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Kristen Bryant / Her Campus
Mental Health

How to Prioritize Your Mental Health While Home for Reading Week

The opinions expressed in this article are the writer’s own and do not reflect the views of Her Campus.

As reading week approaches, there are mixed feelings on campus about students returning home. You may miss your family and are looking forward to seeing them, but sometimes it can be difficult to return to a space where your loved ones push your buttons, and your new friends feel so far away. While family is important, home is a unique environment for everyone and the reconnection with your family combined with the decrease of your newfound independence can often be harmful to your mental health. To assist in combating this, here are some ways to prioritize your mental health if you are venturing home this reading week. 

1. Set Boundaries for Yourself 

Before your trip home, try to be mindful and reflect on the boundaries you would like to put in place to protect your mental health at home. This could include declining to spend time with relatives that make you uncomfortable, calling out individuals that speak over you or make condescending comments and explaining to your family what you hope to accomplish during the week. This way, you can give them an idea of what to expect from you, whether that means you will be holed up studying or out socializing with friends for a large portion of the week. 

It is one thing to set these boundaries and goals, and it is another to follow through on them. You may find it helpful to write them down to refer to later on. When writing them out, you may also want to include an example of previous events where these boundaries were crossed and how they affected you. This is useful to remind you to stand up for yourself and not accept the crossing of boundaries, even if it is by your loved ones.  

2. Take Plenty of Breaks 

Whether this is at your local library to get some actual reading done during reading week (truly a shocking concept), going on walks to enjoy the changing fall leaves or simply taking some time for a catnap, dedicating time to rest and recuperate is essential. A mental health break can look different to every individual. If extended family or holiday plans are overwhelming you, a break could also be a small family movie night or a board game with siblings. Despite the name, reading week really is an opportunity to relax and re-energize in addition to catching up or working ahead on coursework. Be sure to make time for activities you enjoy so as not to overwhelm yourself. A change in scenery, physical activity and fresh air all help increase your serotonin levels, which in turn helps you stay calm and relaxed with a better night’s sleep.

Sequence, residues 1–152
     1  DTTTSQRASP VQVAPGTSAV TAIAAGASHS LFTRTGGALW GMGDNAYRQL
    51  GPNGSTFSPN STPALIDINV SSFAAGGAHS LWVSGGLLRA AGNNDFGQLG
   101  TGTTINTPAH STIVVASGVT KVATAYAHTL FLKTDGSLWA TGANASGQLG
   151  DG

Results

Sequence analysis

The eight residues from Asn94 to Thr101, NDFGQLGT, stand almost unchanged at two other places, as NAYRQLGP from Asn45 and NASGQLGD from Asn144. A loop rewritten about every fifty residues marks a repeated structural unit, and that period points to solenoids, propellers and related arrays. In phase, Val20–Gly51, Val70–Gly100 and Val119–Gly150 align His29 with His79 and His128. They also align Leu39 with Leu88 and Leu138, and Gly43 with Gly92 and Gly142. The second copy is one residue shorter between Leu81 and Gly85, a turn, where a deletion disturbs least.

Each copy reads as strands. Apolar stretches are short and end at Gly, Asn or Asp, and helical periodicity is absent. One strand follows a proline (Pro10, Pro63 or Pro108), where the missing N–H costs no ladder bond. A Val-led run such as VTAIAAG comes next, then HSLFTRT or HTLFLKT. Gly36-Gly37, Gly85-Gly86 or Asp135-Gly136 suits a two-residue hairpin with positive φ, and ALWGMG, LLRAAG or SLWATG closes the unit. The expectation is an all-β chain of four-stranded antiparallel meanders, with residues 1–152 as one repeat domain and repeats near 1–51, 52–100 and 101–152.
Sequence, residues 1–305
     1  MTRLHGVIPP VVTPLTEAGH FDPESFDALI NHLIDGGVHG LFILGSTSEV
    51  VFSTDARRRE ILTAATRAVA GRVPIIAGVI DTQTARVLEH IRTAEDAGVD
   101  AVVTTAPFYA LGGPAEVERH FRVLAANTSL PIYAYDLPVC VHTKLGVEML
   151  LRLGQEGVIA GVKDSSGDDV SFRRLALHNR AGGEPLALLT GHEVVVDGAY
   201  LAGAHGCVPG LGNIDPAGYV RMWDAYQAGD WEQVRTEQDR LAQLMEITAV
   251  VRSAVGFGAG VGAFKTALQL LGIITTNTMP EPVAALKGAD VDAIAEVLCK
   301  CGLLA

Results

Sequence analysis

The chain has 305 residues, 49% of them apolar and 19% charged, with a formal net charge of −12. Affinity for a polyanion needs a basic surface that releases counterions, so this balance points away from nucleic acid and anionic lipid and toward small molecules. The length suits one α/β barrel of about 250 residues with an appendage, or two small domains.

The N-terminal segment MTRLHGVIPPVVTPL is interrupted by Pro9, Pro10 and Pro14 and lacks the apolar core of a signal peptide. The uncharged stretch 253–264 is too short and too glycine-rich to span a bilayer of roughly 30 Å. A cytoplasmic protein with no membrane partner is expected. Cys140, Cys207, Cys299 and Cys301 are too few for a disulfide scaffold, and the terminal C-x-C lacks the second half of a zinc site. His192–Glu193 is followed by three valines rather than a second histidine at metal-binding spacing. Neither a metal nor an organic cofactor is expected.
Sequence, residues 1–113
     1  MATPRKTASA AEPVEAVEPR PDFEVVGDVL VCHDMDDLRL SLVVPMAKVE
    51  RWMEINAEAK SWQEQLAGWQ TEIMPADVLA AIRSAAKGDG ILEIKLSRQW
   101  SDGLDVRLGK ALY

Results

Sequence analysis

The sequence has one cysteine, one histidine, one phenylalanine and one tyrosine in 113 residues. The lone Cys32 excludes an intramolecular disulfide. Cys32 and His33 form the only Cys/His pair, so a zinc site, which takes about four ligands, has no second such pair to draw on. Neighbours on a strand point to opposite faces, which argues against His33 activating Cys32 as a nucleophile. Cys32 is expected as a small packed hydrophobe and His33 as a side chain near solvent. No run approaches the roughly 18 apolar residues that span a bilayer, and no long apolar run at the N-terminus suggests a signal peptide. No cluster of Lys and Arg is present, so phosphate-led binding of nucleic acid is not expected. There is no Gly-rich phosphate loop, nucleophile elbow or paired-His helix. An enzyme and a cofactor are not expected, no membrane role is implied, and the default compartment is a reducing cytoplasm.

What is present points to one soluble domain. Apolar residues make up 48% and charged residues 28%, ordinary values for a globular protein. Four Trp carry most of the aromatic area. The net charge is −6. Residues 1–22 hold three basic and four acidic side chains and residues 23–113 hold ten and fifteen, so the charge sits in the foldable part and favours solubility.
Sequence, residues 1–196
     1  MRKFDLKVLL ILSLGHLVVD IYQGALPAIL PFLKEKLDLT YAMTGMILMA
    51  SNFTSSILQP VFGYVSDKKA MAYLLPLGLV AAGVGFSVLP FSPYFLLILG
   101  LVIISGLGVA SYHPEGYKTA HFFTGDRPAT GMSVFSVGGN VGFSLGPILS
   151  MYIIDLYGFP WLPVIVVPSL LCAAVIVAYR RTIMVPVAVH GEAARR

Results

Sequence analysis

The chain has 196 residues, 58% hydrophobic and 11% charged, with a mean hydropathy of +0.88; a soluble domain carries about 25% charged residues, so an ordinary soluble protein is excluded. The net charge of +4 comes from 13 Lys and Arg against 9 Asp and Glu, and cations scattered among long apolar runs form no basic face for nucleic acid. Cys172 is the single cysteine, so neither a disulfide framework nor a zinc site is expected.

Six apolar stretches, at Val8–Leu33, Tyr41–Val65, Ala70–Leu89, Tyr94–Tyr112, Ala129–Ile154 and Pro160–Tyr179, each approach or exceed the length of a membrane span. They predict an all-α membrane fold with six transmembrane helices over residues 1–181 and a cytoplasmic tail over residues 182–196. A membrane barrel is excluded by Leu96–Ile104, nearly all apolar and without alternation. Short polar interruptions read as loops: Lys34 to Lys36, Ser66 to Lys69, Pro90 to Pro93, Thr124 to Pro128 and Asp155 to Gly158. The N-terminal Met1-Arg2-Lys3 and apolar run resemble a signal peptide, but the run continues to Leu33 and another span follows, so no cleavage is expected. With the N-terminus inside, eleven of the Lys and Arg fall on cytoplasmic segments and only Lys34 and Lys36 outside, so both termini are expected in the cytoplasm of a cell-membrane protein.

3. Organize Plans with your Friends Beforehand 

While spontaneous social outings are a fun break from home, having plans in place will allow you to better visualize how your time is being spent. Plans will also give you something concrete to look forward to when it may feel like you’re stuck in a rut at home. Friends will help boost your mood and can act as a support system if you need to vent a little about your nosey aunt or a sibling’s annoying tendencies. Keep in mind though that your friends have their own mental burdens and sometimes you need a professional by your side. It may be worth planning and scheduling an appointment ahead of time with your counsellor or therapist during reading week to address issues that your friends may not be able to assist, within the capacity that you need.  

4. Cut Your Visit Short 

If you are really struggling with being back home, consider cutting your visit short. Maybe you are finding it difficult to concentrate on work or you are really missing your community back in Waterloo. There is no shame in deciding that you have had your fair share of family time and would really like to get back to your university environment, but this may be difficult to convey to your loved ones. Being honest can help address recurring issues and potentially create a stronger foundation for you and your family. That being said, maybe you have already tried the honesty card or maybe you would just prefer to spare their feelings. If that is the case, try reflecting on how you might be able to address this in a manner that fits the situation and ultimately supports your mental well-being.  

The goal of this article is to assist you in navigating reading week in a way that is best for you and your mental health. No situation is the same, so it is important to proceed with what best suits your needs and makes you comfortable. I hope you find these tips helpful for reading week and future returns home. Even if these tips aren’t applicable to you or your environment, I hope that you remember that you and your mental health are valued and important.  

Wishing everyone a relaxing and enjoyable fall reading week! 

Kaitlyn Electriciteh

Wilfrid Laurier '23

Kaitlyn is a fourth-year business student at Wilfrid Laurier University. She has completed her minor in North American Studies and is now working on her concentration in Marketing. Having started her own custom cakes business, she is obsessed with all things sweet and baked along with dance, literature and travel.
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